Typhoid

What is Typhoid?

Typhoid is also known as enteric fever or salmonellosis. Typhoid fever is an acute illness, an infectious disease and is a very common cause of persistent high grade fever. According to the most recent estimates (published in 2014), approximately 21 million cases and 222 000 typhoid-related deaths occur annually worldwide. A similar but often less severe disease, paratyphoid fever, is caused by Salmonella Paratyphi A, B or C (Source: WHO)

Related FAQ: Is my wife suffering from typhoid?

What are the causes of Typhoid?

Typhoid is a bacterial disease caused by Salmonella typhi. A related bacterium called Salmonella paratyphi causes paratyphoid fever. The disease is transmitted by contaminated food or water.

What are the symptoms of Typhoid?

The symptoms of typhoid are non-specific and fever is the main symptom that gradually increases over four to five days. The fever is high grade (up to 40.5ºC or 105ºF) and almost continuous unless some fever-relieving drugs (antipyretics) are taken. The illness is characterized by symptoms like poor appetite, weakness, nausea, headache, constipation and sometimes diarrhoea. The liver and spleen become enlarged. In serious cases perforation of the intestines may occur in a few cases.

How to diagnose Typhoid

The patient is examined along with a detailed history of complaints. The patient’s blood is cultured and the causative bacteria can be grown. Their identification and sensitivity to antibiotics is done in the laboratory. This helps in the selection of an effective antibiotic used for treatment. After the second week of illness, antibodies against the bacteria develop and they can be detected in the blood by a test called the Widal test. This test gives equivocal results in the early stages of the disease.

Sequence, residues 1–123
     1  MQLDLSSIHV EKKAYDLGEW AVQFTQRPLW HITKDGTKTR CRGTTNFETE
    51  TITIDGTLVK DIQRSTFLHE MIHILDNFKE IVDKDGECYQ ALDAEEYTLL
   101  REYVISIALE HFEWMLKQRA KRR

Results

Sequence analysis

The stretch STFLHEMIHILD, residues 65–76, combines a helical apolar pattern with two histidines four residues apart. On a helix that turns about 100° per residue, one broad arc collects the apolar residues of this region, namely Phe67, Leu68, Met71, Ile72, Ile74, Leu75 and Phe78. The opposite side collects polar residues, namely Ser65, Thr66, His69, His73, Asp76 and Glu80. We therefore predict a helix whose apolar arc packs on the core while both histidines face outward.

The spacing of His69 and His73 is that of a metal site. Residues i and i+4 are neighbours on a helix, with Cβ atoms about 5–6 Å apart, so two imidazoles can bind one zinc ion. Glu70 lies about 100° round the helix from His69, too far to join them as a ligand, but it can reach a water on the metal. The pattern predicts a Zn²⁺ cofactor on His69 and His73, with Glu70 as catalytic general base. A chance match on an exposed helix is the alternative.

How can the diagnosis of typhoid be confirmed?

What is the treatment of Typhoid?

A number of antibiotics are available to treat typhoid. Chloramphenicol was an effective drug of the past but is rarely used now due to antibiotic resistance. The newer antibiotics (ciprofloxacin and ofloxacin) are the mainstay of treatment. Recently, resistance of the bacteria to these medicines has been observed in a few cases. In addition to antibacterial drugs, supportive treatment like a soft diet and antipyretics to keep the fever down are needed. In severe cases, the patient may need hospitalisation. If complications like intestinal perforation occur, emergency surgery may be required.

What are the prevention?

Typhoid is prevalent where sanitary conditions are poor. Therefore, a proper water supply and waste disposal system is essential for the prevention of this disease. Safe water for drinking and kitchen use is important. Food should be hygienically prepared and stored. Flies and cockroaches can spread the disease and must be dealt with effectively. Persons handling food should be periodically examined, and their stool examination done.

Vaccines are available for protection against typhoid. The older TAB vaccine is no longer used. Newer oral and injectable vaccines are widely available and provide immunity for approximately two years. The immunity due to the vaccines needs to be boosted every two years by repeat doses.

DoctorNDTV Team

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